Texan oil company Anadarko says it's too early to know if oil drilling in the Canterbury Basin has come up dry.
Greenpeace said today the exploratory well drilled off the Otago coast, about 60 kilometres northeast of Dunedin, has failed to yield any oil.
It would be the second such failure for Anadarko, after a well off the Taranaki coast also came up dry last month.
Greenpeace New Zealand campaigner Steve Abel said the news was cause for celebration.
"If it's correct they have failed to find oil for a second time there are many who will open a Speights tonight in celebration of the news that Texan oil company Anadarko are about to batten the hatches and get out of here."
But Anadarko New Zealand manager Alan Seay said it was too early to tell if there was oil in the basin.
"We're still in the process of gathering the data so regardless of what you discover or don't discover from a test well, they do yield an awful [lot] of valuable information, so that is what we are in the process of gathering now."
Anadarko was also looking for a huge gas field in the basin but could not confirm this until all of the data was collated, which could take about 12 months.
Plans for the immediate drilling of a second exploratory well off the Otago coast have been cancelled, Seay said.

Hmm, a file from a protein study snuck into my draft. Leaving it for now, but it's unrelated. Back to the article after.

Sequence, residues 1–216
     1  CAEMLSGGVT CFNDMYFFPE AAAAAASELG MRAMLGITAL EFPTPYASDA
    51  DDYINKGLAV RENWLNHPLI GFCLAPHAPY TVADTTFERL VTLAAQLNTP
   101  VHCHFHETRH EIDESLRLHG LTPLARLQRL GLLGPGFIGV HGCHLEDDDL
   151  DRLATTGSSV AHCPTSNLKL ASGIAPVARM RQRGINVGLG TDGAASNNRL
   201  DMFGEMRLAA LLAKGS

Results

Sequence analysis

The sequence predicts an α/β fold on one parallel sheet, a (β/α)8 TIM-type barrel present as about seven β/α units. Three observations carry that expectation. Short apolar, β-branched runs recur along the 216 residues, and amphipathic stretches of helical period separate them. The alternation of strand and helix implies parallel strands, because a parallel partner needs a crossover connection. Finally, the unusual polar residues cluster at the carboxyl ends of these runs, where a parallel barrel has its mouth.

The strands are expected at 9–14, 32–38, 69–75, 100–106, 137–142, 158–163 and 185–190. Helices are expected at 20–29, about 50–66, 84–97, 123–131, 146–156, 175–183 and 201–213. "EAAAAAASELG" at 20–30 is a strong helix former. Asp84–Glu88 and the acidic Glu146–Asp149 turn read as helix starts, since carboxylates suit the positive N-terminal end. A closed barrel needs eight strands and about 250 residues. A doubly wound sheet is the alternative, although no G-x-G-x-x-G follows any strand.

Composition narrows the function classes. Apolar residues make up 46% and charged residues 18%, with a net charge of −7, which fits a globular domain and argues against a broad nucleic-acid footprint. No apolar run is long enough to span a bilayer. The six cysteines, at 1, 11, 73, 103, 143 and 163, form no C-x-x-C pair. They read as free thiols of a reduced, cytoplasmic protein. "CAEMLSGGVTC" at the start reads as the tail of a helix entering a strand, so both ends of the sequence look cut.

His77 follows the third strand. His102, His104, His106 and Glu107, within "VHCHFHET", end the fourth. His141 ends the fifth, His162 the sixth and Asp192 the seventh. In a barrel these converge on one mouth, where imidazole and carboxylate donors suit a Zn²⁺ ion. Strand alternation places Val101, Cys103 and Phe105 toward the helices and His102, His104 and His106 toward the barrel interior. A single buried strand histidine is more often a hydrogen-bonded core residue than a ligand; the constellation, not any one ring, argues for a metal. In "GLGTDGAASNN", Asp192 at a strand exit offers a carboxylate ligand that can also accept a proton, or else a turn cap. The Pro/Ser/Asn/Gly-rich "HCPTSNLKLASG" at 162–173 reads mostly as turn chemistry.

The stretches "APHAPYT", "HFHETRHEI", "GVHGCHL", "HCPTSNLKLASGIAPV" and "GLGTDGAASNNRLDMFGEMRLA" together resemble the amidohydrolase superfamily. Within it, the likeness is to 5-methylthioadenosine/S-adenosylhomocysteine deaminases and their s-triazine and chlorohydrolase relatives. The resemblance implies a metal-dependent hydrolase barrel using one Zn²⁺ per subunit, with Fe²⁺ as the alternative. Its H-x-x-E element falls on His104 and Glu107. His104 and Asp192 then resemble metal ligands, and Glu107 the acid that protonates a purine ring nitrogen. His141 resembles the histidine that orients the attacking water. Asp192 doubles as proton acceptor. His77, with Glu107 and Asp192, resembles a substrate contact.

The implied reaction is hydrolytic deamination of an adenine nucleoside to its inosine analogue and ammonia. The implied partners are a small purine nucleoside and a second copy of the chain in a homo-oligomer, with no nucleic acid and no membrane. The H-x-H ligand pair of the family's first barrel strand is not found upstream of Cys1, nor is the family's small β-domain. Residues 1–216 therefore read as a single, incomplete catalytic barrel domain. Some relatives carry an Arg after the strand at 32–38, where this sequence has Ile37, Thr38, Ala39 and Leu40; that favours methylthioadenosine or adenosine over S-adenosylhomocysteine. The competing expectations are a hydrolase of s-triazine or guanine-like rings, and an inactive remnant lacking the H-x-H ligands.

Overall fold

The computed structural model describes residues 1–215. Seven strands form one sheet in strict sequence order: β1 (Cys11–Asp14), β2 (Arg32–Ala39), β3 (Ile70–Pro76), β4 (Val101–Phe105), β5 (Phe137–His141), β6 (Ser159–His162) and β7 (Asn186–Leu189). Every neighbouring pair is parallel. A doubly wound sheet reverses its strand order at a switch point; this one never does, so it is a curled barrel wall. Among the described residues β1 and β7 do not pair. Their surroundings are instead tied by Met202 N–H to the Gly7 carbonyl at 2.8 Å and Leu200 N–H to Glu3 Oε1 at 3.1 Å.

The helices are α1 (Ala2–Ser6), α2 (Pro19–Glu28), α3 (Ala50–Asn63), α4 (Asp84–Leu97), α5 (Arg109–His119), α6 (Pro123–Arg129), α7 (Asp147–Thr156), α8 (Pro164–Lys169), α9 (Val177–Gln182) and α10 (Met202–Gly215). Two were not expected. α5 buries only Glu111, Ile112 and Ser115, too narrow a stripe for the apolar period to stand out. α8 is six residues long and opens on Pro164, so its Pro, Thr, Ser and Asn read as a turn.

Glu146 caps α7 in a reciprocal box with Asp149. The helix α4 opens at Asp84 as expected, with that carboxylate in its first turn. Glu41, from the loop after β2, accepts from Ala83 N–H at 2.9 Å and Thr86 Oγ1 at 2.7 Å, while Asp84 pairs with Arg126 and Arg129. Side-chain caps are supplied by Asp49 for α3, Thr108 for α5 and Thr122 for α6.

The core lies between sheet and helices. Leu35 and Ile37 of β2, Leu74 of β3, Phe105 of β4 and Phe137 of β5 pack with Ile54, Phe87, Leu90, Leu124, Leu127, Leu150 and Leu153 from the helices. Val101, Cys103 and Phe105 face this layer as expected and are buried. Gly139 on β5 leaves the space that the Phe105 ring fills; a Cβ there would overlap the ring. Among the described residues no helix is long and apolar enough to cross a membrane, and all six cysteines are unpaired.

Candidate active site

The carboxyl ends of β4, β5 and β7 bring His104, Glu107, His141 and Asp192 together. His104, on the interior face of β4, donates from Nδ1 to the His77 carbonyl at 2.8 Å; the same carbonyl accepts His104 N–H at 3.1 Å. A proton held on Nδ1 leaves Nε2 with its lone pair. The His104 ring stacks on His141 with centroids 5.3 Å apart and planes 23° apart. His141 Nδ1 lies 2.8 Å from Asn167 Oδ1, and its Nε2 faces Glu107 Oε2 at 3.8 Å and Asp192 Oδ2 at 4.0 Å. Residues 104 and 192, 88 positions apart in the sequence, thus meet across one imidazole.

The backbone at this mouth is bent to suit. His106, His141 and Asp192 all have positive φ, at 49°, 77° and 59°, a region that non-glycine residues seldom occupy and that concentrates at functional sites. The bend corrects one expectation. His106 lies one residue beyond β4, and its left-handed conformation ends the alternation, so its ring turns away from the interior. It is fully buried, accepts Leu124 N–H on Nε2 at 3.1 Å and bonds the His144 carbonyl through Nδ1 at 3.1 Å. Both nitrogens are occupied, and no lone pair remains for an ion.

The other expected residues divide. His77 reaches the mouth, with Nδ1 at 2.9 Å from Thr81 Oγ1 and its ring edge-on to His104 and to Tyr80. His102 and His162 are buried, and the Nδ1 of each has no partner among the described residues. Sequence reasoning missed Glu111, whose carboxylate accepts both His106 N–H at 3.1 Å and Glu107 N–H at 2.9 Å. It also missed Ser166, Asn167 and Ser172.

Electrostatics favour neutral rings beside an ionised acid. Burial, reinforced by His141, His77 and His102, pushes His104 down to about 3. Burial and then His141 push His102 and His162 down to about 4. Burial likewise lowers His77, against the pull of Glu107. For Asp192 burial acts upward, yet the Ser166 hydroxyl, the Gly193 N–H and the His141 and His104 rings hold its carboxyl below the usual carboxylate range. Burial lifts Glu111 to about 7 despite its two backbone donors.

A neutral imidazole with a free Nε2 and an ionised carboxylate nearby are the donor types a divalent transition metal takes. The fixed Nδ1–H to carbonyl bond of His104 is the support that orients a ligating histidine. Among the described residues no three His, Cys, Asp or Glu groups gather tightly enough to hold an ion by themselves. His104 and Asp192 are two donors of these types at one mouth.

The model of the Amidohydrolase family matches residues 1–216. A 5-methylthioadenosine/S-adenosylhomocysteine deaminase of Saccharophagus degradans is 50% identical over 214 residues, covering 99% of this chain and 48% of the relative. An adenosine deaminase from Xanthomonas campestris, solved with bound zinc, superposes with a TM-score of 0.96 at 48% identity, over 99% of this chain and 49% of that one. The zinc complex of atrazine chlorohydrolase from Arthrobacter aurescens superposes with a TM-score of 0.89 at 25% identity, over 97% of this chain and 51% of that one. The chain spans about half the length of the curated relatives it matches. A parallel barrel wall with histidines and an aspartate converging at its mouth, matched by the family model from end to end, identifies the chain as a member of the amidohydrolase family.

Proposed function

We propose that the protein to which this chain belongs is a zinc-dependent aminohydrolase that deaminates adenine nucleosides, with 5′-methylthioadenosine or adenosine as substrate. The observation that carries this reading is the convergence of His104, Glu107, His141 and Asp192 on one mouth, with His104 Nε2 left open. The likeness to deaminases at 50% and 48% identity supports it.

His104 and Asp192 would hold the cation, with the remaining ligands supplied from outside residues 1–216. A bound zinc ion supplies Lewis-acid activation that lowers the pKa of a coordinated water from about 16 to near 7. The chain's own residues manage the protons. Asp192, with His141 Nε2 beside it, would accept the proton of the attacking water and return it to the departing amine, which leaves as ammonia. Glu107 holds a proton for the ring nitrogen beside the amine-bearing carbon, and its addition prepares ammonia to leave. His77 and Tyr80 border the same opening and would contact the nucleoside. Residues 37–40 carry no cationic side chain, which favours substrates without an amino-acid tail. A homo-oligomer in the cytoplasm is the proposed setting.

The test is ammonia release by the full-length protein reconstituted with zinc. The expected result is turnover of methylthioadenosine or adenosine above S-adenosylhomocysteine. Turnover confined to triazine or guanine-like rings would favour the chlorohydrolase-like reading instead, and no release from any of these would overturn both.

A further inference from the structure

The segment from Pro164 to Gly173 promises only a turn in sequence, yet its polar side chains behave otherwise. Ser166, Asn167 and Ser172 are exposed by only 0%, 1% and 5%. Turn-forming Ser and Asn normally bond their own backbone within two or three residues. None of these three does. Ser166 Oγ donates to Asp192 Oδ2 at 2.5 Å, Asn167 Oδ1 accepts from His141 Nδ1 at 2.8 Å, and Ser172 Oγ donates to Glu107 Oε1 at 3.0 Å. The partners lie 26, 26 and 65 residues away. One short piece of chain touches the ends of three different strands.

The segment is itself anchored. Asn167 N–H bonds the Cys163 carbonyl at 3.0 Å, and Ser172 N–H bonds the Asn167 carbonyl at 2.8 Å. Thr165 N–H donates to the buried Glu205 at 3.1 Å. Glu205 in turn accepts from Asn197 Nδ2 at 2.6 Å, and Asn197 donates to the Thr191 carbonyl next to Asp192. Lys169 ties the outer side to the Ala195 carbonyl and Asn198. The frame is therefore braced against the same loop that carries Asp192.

"The drilling has finished.
"We did have plans in place to drill a second well if we come to the view that that was warranted but that is not the case, it was always a long shot."
Once the drill ship Noble Bob Douglas completed the logging of its data it would be leaving New Zealand, Seay said.
The drilling was part of a $308 million programme for Anadarko.
"We've got other exploratory interests in New Zealand that we will be progressing," Seay said.
Green Party energy spokesman Gareth Hughes said it was time the Government abandoned deep sea drilling plans.
"National's deep sea drilling plans are failing, it's time they focused on clean energy, green-tech and IT which will actually deliver jobs and regional economic development.
"New Zealand has a huge opportunity in the clean energy sector which could be worth billions of dollars annually.
"The Government's $46 million exploration subsidy to the oil drilling industry last year could have built a lot of solar panels."
- Fairfax Media